Wednesday, October 3, 2012

Napa Cellars: When a Tank Goes “Dry”

When the juice finally ferments to below 0.01 residual sugars, the “Must” is pressed. This process involves many steps. First of all the juice (we can officially call it wine at this point). Is drained into another tank. What is leftover is all the skins and seeds that have been soaking in fermenting juice for about a week. This is when the fun starts. We shovel out the seeds and stems into a macro bin. This is only a small tank so most of the must can be reached from our little gate here.

On the bigger tanks somebody has to crawl inside to shovel out the must. On the largest tanks we have, (they hold about 45 tons of grape skins and seeds) we play a little game. If you can shovel it out in under 1 hour the company will buy you lunch. Needless to say this creates a very competitive atmosphere. I will keep you posted on the times when those get shoveled out.

Once all of the must is shoveled out it goes into a press. At first the press lightly squeezes the berries and gets any leftover wine out of them. That wine is pumped into its own special tank. Next, we crank up the pressure and really squeeze whatever might be left in the berries out. Since the berries and seeds have all the tannins, squeezing them produces really tanic dark wine. This juice is again pumped into its own special tank to keep all those tannins out of our nice clean wine. Later, if the winemaker chooses to, he will add little bits and pieces of these “pressed” wines to the “free run” wine until it reaches the desired tastes and texture. Things are fermenting well and moving really fast. Yesterday we drained and pressed about 10 tanks. Its a lot of hard work but somebody has to do it. As of the end of September we have received a total of 1344 tons of grapes. That breaks down into 466 tons in white grapes and 878 tons of red grapes.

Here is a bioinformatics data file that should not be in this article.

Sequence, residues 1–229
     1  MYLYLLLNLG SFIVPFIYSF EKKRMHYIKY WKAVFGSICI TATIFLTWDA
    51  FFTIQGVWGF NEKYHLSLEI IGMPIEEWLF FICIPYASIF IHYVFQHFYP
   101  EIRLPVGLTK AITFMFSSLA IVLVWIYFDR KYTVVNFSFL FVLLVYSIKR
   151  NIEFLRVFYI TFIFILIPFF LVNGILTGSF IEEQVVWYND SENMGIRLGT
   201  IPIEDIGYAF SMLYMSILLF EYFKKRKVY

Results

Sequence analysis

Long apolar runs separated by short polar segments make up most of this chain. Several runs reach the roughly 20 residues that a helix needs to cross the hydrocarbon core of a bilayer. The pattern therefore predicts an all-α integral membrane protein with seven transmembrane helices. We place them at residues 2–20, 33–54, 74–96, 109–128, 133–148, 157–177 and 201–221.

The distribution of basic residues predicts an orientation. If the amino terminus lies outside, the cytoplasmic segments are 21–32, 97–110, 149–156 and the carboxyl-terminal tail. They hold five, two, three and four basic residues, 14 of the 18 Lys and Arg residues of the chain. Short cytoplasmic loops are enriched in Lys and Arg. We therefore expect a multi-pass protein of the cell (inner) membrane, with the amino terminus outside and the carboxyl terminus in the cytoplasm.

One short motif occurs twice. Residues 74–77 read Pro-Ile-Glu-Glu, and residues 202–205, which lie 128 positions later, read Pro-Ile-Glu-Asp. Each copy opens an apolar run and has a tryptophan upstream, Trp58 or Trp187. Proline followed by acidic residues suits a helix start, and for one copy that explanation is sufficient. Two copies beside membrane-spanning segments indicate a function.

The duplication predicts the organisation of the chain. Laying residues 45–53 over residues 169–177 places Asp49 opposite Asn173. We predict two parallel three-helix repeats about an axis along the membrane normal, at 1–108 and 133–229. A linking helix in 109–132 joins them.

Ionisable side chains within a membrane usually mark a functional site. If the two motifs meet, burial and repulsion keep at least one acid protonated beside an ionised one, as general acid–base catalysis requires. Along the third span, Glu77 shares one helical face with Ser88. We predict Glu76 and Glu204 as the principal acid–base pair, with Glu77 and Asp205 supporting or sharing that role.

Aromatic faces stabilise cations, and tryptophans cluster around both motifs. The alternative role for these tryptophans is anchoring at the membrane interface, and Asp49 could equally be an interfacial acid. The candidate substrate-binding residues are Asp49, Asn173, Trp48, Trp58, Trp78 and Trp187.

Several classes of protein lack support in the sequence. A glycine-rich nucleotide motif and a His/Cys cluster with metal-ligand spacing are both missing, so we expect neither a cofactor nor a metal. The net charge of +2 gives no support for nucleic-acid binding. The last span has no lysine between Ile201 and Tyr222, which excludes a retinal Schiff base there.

Only 2506 tons to go.

Living the dream ~ Jacob.

Follow the Napa Cellars harvest interns, Jacob & Andrew, as they work Harvest 2012!

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